We sell presentation app which uses Direct3D 9. It works slow on laptops with dual video cards (Intel + NVIDIA or AMD). We have to ask users to manually choose NVIDIA video card for our app.
Is there any API to automatically select dedicated NVIDIA/AMD video card in our app on Windows 10?
Forest-themed levels in 3D linear games seem to be tricky to pull off. I primarily refer to first person games though this can easily be applied to third person games and possibly top-down games.
Older games were limited by the hardware used at the time so texture space and polygon counts were important to manage. These games uses a flat texture of trees to create the illusion of depth or create rocky cliff walls to obscure parts of the scene the player is not meant to view.
An example of a linear forest level is Forest Edge from Disney's Donald Duck: Goin' Quakers on the PlayStation 1.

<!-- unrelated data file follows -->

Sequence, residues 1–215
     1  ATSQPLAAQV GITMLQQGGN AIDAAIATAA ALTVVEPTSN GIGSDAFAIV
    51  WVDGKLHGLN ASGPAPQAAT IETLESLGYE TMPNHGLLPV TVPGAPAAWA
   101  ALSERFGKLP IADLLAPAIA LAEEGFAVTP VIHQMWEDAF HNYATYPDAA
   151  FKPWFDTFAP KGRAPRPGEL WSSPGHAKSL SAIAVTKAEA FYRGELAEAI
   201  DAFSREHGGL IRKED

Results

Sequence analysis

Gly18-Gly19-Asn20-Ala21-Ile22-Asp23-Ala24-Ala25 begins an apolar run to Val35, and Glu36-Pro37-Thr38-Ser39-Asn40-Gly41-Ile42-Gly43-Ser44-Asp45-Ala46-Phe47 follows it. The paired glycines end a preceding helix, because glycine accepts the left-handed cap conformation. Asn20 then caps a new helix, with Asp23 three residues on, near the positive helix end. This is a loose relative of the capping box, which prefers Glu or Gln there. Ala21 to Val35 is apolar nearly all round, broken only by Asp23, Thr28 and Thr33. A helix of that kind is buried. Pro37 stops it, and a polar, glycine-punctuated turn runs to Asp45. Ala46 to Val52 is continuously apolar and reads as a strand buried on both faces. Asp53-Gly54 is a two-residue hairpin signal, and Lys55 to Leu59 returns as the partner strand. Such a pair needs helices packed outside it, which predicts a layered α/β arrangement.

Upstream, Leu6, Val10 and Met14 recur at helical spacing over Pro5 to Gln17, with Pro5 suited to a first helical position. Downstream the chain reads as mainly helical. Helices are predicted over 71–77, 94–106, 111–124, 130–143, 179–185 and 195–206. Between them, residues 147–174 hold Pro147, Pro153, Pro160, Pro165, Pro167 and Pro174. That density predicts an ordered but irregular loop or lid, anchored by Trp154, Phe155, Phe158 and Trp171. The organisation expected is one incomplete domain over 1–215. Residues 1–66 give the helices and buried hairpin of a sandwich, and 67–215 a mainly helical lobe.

A relatively recent example of a linear forest level are portions the Outlands White Forest from Half-Life 2: Episode 2 on the PC. You can see that it looks more like a small narrow valley. For gameplay and readability it works well and doesn't feel artificial though it's not quite a dense forest.
Outlast 2 did have areas set in tree-filled areas but the only indication of not being able to go through some bushes or trees are invisible barriers, which supposedly works but feels very artificial in my opinion.
Some games in recent years like The Forest and Ark: Survival Evolved have made fully explorable forest levels but they are non-linear open world games. Since the respective games aren't linear in nature they have no need to funnel players through areas designed to be traversed.
How can depth and believability be achieved without making the player confused or lose their direction? How can making a linear forest level be done without making the environment appear artificial?
I created this topic as I'd love to hear what you guys think. I don't think there's a right or wrong way going about making a 3D linear forest level.